Arts & Culture

Reviews: May/June 2019

Economics and parenting; a film about unconventional families.

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Love, Money and Parenting: How Economics Explains the Way We Raise Our Kids
Matthias Doepke and Fabrizio Zilibotti, Tuntex Professor of International and Development Economics
Princeton University Press, $29.95
Reviewed by James Ledbetter ’86

James Ledbetter ’86 is the editor of Inc. and author, most recently, of One Nation Under Gold.

Helicopter parents. Tiger Moms. We’re all familiar with modern parental stereotypes. But particularly within our own national and social silos, it’s easy to assume that today’s parenting methods are natural or inevitable or both. The authors, each of whom grew up in a European country, offer persuasive evidence to the contrary. Parenting styles have changed dramatically over the centuries, and even today there are crucial differences between cultures.

What accounts for the different practices? Their basic answer is economics. Parents, they explain, “try their best to prepare their children for the society in which they will live.” Doepke and Zilibotti identify three broad approaches to raising children: authoritarian (exercising strict control over behavior and choices, often associated with religion); permissive (letting children make most of the choices); and authoritative (a middle ground in which parents try to influence and reason with children’s choices).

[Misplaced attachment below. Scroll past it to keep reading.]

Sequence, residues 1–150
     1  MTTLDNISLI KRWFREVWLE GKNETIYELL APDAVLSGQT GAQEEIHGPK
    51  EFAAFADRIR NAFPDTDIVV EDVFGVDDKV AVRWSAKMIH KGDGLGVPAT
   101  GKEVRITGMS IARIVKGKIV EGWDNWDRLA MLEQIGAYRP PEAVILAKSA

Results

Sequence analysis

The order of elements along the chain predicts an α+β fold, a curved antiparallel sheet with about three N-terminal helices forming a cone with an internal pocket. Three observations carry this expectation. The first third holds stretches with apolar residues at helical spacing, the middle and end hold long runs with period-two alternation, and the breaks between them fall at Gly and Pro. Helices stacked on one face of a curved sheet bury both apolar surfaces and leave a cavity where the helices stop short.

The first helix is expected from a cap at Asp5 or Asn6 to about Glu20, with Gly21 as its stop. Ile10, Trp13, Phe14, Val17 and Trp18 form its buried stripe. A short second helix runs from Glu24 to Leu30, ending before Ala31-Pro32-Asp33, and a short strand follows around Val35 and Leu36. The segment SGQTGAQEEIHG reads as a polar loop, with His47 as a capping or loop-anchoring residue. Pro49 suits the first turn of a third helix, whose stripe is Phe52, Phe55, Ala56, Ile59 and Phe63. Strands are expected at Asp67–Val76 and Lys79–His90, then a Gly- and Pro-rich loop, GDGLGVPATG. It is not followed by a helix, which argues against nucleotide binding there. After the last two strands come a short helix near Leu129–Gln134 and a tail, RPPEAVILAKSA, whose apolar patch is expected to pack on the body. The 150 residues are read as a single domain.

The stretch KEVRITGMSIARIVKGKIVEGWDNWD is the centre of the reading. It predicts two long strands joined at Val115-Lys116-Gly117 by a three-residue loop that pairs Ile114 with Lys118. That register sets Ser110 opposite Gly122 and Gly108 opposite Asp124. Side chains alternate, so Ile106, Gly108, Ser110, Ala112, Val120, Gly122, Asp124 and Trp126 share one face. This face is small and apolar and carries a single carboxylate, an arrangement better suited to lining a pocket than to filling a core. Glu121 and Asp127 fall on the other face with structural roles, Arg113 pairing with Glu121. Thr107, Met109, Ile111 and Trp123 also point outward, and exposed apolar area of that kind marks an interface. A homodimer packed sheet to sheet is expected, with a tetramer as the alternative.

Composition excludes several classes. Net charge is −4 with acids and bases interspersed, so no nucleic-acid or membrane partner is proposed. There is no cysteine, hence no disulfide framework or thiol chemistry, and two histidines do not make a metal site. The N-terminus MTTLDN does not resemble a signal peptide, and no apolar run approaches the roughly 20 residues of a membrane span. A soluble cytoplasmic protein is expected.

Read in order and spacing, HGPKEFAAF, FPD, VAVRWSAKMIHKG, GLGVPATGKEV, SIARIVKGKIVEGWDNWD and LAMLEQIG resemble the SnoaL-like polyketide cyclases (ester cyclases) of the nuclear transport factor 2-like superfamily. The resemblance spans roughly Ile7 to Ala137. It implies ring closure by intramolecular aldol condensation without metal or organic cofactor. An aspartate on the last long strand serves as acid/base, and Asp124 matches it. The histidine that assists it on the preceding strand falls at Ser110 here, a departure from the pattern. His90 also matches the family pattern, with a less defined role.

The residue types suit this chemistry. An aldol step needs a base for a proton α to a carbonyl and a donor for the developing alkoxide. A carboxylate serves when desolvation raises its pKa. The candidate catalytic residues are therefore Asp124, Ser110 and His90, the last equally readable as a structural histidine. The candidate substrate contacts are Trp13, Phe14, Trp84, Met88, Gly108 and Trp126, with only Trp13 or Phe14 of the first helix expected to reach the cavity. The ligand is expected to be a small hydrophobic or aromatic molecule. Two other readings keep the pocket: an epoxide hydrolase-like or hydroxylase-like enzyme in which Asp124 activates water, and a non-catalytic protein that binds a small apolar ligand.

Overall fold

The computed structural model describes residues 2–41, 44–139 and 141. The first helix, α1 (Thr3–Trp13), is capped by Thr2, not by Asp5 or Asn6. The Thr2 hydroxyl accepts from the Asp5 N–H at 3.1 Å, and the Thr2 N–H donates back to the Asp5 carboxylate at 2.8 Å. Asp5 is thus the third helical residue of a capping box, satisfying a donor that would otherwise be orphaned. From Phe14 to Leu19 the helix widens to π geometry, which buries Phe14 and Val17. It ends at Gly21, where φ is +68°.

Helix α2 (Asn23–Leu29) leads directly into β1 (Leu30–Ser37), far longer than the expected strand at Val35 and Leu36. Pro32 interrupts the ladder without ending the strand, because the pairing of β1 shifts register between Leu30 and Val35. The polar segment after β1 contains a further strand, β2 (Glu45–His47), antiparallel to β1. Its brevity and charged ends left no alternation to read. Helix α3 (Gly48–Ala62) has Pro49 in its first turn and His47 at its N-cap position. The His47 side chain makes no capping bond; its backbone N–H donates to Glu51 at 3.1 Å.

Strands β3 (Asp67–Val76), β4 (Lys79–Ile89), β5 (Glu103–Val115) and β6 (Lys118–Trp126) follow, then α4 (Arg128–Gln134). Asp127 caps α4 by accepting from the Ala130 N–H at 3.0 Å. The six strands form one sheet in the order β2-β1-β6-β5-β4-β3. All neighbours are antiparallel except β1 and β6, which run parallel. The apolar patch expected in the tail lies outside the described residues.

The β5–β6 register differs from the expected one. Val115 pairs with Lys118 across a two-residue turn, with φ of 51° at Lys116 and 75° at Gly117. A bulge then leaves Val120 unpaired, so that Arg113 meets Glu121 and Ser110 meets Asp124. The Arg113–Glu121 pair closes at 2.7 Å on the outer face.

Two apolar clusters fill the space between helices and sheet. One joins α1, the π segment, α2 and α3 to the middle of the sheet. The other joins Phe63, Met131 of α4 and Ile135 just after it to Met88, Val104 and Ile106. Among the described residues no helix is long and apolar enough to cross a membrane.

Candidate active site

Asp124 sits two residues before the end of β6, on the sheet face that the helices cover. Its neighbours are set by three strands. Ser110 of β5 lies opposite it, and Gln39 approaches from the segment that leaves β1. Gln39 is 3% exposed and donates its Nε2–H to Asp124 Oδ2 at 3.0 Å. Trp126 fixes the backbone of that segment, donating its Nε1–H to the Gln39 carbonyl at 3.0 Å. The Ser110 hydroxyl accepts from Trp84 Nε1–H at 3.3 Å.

Drawing on a vast body of data and literature, the authors demonstrate how social and economic factors—such as the types of industry that dominate a given economy; the percentage of women in the workforce; the relative religiosity of the society—influence how parents treat their children. One clear-cut example: when agriculture dominated Western societies through the early nineteenth century, parents and children often worked side by side. To emphasize a child’s independence under those circumstances would have been close to meaningless, and the authoritarian approach seemed like a logical choice to most. As the societies became more industrialized and complex, the parental trend shifted toward emphasizing children’s individuality.

Perhaps unsurprisingly, the authors attribute today’s high-intensity parenting in many countries to the persistence and growth of economic inequality. As wealth becomes more concentrated in a few hands, social safety nets shrink, and education becomes more expensive, “parents will be highly motivated to push their children hard, even at the cost of repressing their personal development.”